So what’s the deal here? Has no one seen God, or did Moses see him? Not only this, but there are all kinds of examples from the Bible where God “appeared” to people. How does this make sense?
One thing that needs to be kept in mind is that the God of the Bible is three-in-one. God the Father, God the Son, and God the Holy Spirit are all revealed to be God in the Bible. In John 1:18 Jesus must be speaking of God the Father. This makes sense because he says, in full, “No one has ever seen God; the only God, who is at the Father’s side, he has made him known.” The God at the Father’s side is either a reference to Jesus or the Spirit, who both reveal God the Father. Even the Old Testament appearances of God are believed to be visions of Jesus before his incarnation.
So, Moses appears to have seen the pre-incarnate Jesus. But even then, Moses did not see the fully glory of God on the mountain top. In Exodus 33:18-23, Moses asks to see God’s glory. God says that he will reveal his glory to Moses but that he may not look into the face of God. Instead, God walks by him and holds out his hand so that his face is covered, and Moses sees God’s glory shining from the back as God passes him.
So even Moses did not actually see God’s face in full glory. No one has. When Exodus 33:11 says that Moses and God talked “face to face”, we must take that to be a figure of speech. Especially in an ancient culture, before the days of telephone and internet, face to face communication was valued. It hinted at friendship. When the Bible describes Moses and God as talking face to face, it means they had an intimate friendship with one another, which is exactly what the rest of the verse says.
Figures of speech can take away some of the supposed Bible contradictions.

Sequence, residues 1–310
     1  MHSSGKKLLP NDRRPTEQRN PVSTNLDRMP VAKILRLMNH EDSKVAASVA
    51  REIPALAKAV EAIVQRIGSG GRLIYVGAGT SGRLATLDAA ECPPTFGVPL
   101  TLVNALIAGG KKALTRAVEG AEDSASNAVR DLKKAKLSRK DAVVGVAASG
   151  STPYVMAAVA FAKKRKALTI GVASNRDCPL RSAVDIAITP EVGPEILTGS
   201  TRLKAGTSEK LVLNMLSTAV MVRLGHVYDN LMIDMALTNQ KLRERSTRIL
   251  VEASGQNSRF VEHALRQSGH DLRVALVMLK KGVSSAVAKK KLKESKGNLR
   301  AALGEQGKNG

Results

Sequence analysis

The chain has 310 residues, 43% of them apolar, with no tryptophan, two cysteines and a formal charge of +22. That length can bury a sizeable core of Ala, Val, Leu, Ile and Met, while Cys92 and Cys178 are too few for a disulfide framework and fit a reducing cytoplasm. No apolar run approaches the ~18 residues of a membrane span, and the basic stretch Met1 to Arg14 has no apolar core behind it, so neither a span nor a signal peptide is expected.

3. Partial Reports
- Acts 1:18 Now this man acquired a field with the reward of his wickedness, and falling headlong he burst open in the middle and all his bowels gushed out.
- Matthew 27:5 And throwing down the pieces of silver into the temple, he departed, and he went and hanged himself.
This is an example of a partial report, where two different authors (Matthew and Luke) give an account from the same story by sharing only partial information. Luke records the falling of Judas’ body and his guts busting out, while Matthew records the suicidal hanging of Judas. Both are true, and by harmonizing them we can see the whole picture: Judas hung himself, his body swelled up after he died (which makes sense scientifically), and either the branch or the rope snapped and he fell and burst open upon hitting the ground. Nasty!
But what about the “falling headlong” part? How can a person fall headlong after hanging themselves? Wouldn’t they fall feet first? If you look in the ESV translation, there is a footnote there that says “swelling up” is a possible translation of that phrase instead. It seems to me that “swelling up” makes more sense, even though it is not the common meaning of the translated word.